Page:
American College of Physicians Response to the Institute of Medicine's Report, The Future of Nursing: Leading Change, Advancing Health

October 18, 2000

Presidential, Congressional Candidates
Urged to Address Uninsured Issue

(Austin): Texas’ Hispanic population is facing a health care crisis that threatens to grow much worse in the near future, according to the consensus reached today at a symposium sponsored by the American College of Physicians — American Society of Internal Medicine, the National Hispanic Medical Association, and the Commonwealth Fund. The symposium brought together health care providers, politicians, and business leaders to discuss the problems facing uninsured Hispanics and suggest solutions.

In 1999, 25 percent of non-elderly Texans, or more than 4.6 million Texans, were uninsured. Hispanics accounted for 38 percent of the uninsured between 1996 and 1998.

"A lack of insurance puts Hispanics at great risk because they do not receive routine preventive care that often results in greater complications or worse symptoms from easily treated diseases such as diabetes, asthma, or hypertension," said Sandra Adamson Fryhofer, MD, FACP, president of the ACP-ASIM. "For example, incidences of diabetes-related end-stage renal disease in the Hispanic population is up to six times greater than in the non-Hispanic white population."

The symposium highlighted the fact that in Travis County (Austin) 152,709 people, 25.5 percent of the population under the age of 65, were without health insurance in 1999. More than 43,000 were under the age of 18. Nationally, eight out of 10 of the uninsured live in working families.

The symposium identified a number of current barriers to health care for Hispanics including:

  • Hispanics tend to work for small, low-wage businesses that do not offer insurance.
  • Individual insurance is prohibitively expensive.
  • Not enough information is available about currently existing programs, such as TexCare, the state’s Children’s Health Insurance Program (CHIP).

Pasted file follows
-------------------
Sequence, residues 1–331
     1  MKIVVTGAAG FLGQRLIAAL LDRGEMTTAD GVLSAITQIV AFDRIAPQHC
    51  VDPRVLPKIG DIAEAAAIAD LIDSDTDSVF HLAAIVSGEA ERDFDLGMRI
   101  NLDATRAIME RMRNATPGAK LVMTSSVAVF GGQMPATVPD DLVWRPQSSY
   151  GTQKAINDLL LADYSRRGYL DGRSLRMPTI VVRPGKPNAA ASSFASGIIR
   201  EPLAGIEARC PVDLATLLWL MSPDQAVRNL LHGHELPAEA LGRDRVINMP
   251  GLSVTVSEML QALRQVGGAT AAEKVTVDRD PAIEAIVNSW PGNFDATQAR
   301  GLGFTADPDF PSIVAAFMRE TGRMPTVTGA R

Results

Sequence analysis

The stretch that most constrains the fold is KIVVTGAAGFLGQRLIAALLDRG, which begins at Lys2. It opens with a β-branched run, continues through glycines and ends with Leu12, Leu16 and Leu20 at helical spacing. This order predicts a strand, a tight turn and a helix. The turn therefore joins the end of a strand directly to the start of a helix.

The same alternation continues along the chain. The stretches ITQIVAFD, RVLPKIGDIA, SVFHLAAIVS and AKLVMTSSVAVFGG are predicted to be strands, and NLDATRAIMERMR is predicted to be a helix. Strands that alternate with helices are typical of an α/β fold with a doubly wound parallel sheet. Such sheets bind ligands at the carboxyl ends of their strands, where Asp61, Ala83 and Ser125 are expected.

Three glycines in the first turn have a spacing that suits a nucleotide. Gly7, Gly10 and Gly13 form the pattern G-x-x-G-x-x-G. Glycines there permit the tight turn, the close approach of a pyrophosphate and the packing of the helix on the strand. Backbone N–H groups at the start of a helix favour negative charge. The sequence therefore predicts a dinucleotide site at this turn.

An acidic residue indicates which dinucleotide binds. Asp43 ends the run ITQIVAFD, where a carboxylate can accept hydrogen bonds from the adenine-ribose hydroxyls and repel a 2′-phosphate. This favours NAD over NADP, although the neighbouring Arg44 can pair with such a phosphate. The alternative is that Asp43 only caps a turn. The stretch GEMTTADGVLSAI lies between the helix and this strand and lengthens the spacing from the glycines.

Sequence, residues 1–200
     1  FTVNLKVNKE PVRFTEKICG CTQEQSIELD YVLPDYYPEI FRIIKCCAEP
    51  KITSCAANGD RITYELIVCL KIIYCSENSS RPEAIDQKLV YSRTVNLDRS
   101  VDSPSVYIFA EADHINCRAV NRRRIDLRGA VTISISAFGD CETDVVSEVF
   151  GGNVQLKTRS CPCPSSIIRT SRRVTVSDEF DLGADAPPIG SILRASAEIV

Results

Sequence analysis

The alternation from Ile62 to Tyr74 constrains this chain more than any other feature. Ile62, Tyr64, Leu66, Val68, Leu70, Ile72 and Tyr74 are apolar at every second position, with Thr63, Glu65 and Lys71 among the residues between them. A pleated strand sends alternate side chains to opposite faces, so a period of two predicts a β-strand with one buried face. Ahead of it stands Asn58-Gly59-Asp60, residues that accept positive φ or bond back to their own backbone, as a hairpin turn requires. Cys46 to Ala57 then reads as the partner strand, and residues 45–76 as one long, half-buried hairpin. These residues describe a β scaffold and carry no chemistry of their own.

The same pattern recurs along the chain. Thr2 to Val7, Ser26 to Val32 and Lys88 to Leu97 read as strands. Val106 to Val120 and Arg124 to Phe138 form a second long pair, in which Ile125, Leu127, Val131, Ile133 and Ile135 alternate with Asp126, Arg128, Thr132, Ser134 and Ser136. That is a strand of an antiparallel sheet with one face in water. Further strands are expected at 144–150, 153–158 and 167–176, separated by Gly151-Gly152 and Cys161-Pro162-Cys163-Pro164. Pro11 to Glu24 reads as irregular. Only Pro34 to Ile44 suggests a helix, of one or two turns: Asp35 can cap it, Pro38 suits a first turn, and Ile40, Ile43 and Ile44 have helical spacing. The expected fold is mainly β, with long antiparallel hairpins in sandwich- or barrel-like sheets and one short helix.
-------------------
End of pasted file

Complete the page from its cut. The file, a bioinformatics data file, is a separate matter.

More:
• Cultural and linguistic barriers exist both in interactions with physicians and the paperwork required for public assistance.
  • Hispanics are concerned about being labeled a public charge if they use public assistance.

Some possible solutions identified by the symposium included:

  • Expand outreach for public programs including better dissemination of information on existing programs encouraging enrollment and decreasing barriers.
  • Use government incentives to encourage businesses (especially small businesses) to offer coverage.
  • Examine creative solutions from insurance companies such as offering more affordable packages that focus on preventive care.
  • Train more Spanish-speaking physicians and encourage the use of translators at physician offices.

From the business community suggestions included:

  • Use government incentives to encourage businesses, especially small businesses, to offer coverage.
  • Oppose federal health mandates that increase the costs of providing health care.
  • Create interstate purchasing groups to create economies of scale for purchasing affordable health insurance.
  • Change the tax law to allow individuals to deduct the entire cost of purchasing health insurance.

"We urge America’s political leaders to commit themselves to undertaking a series of sequential steps that will lead to health insurance for all Americans," said Dr. Fryhofer. "In these prosperous times, we must make sure no American suffers or dies needlessly due to a lack of access to health care."

ACP-ASIM is the nation’s largest medical specialty organization and the second largest physician group. Membership comprises more than 115,000 internal medicine physicians and medical students.

Editor’s note: The ACP-ASIM report "No Health Insurance? It’s Enough to Make You Sick: Latino Community at Great" risk can be found in English and Spanish at


David Edelson, ACP-ASIM Washington Office, 202-261-4575
Jack Pope, ACP-ASIM Washington Office, 202-261-4556